Probiotic strains are identified by their genus, species, subspecies and alpha numeric designation. Some strains have unique properties that influence certain immunological, neurological and antimicrobial activities. For example, lactobacillus plantarum is a microorganism that is thought to be better at adapting when things are stressful and doing well. For this reason, the American Gastroenterology Association (AGA) recommends using more than one type of microorganism over single-strain products. Some studies have shown that people do better when they use a mixture rather than just one product. Recommendations should also be tied to specific strains and at the same dosage that has evidence from human clinical studies.
We encourage you to talk with your healthcare providers (doctor, registered dietitian, pharmacist-etc.) about your interest in or use of probiotic supplements and what may be best for your overall health.
Table 1: Commonly studied probiotic strains in IBS and UC
|B. lactis (also called B. animalis)|
A prebiotic is “a selectively fermented ingredient that results in changes in the composition and/or activity of the gastrointestinal microflora, thus conferring benefits upon host health.” They are not digestible by the host and positively influence the beneficial microflora by increasing their numbers while decreasing the population of pathogenic microorganisms. In addition to microflora benefits, prebiotics possess additional properties that may aid in increased calcium absorption, shortening of GI transit time, and production of short-chain fatty acids (SCFA), which are thought to play a role in regulating leukocyte production of cytokines and eicosanoids. Examples of prebiotics include oligofructose, inulin, galactooligosaccharides, and lactulose. ^8
The AGA published “AGA Technical Review on the Role of Probiotics in the Management of Gastrointestinal Disorders,” where they concluded that there is not enough data to recommend for their use in UC and IBS. Various studies have explored their use in IBS and UC, with some data suggesting an improvement to symptoms such as abdominal discomfort/pain, bloating, and bowel movements, and prolongation of periods of remission in UC. Various combinations of probiotics strains have been studied, making it difficult to provide a specific product formulation that would be efficacious. Thus, the selection and dosage of probiotics for particular disease states should be based on published research literature providing evidence of efficacy.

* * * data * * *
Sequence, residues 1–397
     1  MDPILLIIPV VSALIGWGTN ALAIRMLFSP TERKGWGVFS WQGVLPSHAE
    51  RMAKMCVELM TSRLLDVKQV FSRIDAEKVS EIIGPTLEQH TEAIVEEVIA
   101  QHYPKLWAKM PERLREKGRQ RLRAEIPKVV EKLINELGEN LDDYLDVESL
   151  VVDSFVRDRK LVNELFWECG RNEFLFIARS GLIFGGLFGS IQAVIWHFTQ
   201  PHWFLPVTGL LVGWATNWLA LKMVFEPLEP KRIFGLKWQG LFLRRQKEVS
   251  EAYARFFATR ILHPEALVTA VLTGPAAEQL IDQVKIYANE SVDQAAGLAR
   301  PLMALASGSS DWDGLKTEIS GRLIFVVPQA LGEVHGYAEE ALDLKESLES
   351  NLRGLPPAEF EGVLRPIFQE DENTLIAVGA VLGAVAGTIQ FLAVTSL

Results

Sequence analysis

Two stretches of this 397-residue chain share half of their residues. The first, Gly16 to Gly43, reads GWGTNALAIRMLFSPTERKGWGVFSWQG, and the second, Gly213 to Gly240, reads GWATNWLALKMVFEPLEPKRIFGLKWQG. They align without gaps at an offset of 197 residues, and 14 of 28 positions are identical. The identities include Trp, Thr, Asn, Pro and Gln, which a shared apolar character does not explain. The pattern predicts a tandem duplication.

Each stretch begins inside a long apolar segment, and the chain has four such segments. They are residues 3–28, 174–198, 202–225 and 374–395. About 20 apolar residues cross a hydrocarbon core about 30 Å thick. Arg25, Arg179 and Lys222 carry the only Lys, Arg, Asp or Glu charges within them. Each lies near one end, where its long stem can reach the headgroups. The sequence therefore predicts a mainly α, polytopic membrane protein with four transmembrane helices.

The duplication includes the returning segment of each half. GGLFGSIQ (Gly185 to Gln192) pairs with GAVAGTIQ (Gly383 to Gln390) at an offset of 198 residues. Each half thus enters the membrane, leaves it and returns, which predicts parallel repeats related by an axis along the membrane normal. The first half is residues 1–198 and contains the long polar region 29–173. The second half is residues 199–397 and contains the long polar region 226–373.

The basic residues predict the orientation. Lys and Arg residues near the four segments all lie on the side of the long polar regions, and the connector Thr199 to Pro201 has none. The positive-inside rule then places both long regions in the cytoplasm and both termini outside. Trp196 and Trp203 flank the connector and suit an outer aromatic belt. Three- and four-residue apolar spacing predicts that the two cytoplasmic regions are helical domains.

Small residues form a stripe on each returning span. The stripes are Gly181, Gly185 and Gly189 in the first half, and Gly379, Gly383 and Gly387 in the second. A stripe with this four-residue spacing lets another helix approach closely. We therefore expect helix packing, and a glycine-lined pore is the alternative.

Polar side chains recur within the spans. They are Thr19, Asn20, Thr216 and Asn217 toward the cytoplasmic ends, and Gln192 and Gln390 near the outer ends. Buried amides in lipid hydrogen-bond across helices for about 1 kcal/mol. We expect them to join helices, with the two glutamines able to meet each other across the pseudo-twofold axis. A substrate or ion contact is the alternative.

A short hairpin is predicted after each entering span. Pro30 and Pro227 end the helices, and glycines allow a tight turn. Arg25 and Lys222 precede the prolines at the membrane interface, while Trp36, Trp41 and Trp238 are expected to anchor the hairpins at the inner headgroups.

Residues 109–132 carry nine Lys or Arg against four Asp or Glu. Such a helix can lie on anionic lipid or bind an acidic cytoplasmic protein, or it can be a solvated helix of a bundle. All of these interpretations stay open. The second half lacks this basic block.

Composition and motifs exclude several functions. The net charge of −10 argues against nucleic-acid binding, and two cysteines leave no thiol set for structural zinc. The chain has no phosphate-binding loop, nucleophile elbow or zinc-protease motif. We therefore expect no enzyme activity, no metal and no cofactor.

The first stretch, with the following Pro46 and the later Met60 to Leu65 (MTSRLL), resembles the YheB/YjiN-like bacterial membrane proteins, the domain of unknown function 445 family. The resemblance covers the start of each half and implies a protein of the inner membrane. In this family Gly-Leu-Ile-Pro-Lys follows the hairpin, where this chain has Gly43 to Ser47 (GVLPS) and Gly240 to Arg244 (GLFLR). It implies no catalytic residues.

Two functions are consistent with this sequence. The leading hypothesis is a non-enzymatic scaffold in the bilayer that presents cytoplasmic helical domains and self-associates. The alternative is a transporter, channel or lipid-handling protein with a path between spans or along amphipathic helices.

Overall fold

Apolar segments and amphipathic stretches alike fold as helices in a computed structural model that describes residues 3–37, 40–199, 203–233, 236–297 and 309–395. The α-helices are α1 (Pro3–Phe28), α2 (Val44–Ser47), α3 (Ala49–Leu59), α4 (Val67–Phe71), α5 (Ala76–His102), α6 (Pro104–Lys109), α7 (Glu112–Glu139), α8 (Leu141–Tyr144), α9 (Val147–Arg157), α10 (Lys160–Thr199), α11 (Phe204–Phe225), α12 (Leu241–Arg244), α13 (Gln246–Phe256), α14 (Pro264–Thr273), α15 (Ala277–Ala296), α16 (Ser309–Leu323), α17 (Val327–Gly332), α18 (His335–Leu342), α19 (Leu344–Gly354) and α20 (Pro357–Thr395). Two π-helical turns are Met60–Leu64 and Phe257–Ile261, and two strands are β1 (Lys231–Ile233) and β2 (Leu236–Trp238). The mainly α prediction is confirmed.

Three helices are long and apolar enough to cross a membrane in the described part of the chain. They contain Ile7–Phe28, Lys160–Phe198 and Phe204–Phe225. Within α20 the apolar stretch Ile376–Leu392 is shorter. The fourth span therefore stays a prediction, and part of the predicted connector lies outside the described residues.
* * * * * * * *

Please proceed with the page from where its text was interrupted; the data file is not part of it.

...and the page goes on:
The following are examples of published clinical research on probiotics and their efficacy in IBS and UC:
A systemic review published in 2020 concluded that “low-certainty evidence suggests probiotics may induce clinical remission in active ulcerative colitis compared to placebo.”^9
A randomized controlled trial compared the use of mesalamine to mesalamine with a probiotic in patients with UC. During the 24 months of study, patients using the addition of probiotics showed better results to their Modified Mayo Disease Activity Index and “shortened significantly the time of recovery”. ^7
“Probiotics reduce pain and symptom severity scores. The results demonstrate the beneficial effects of probiotics in IBS patients in comparison with placebo”. ^10
“When comparing the results from studies administering a multi-strain versus a mono-strain probiotic supplement, the overall tendency is that a supplement with multi-strain probiotic has the potential to improve IBS symptoms. Some studies found a general improvement in specific IBS symptoms, whereas others reported improvements in specific symptoms like abdominal pain and bloating”. ^11
At this time, data is conflicting and provides limited evidence to provide a strong recommendation for their use. Moreover, because these diseases are multifactorial in nature, treatment should be individualized to each patient and require various strategies that may include probiotics. ^4,6,7,8
Compounding Medications for IBS Conditions
Many people with Irritable Bowel Syndrome and Ulcerative Colitis are not aware of the potential benefits that compounded medications and probiotics can have in managing their conditions.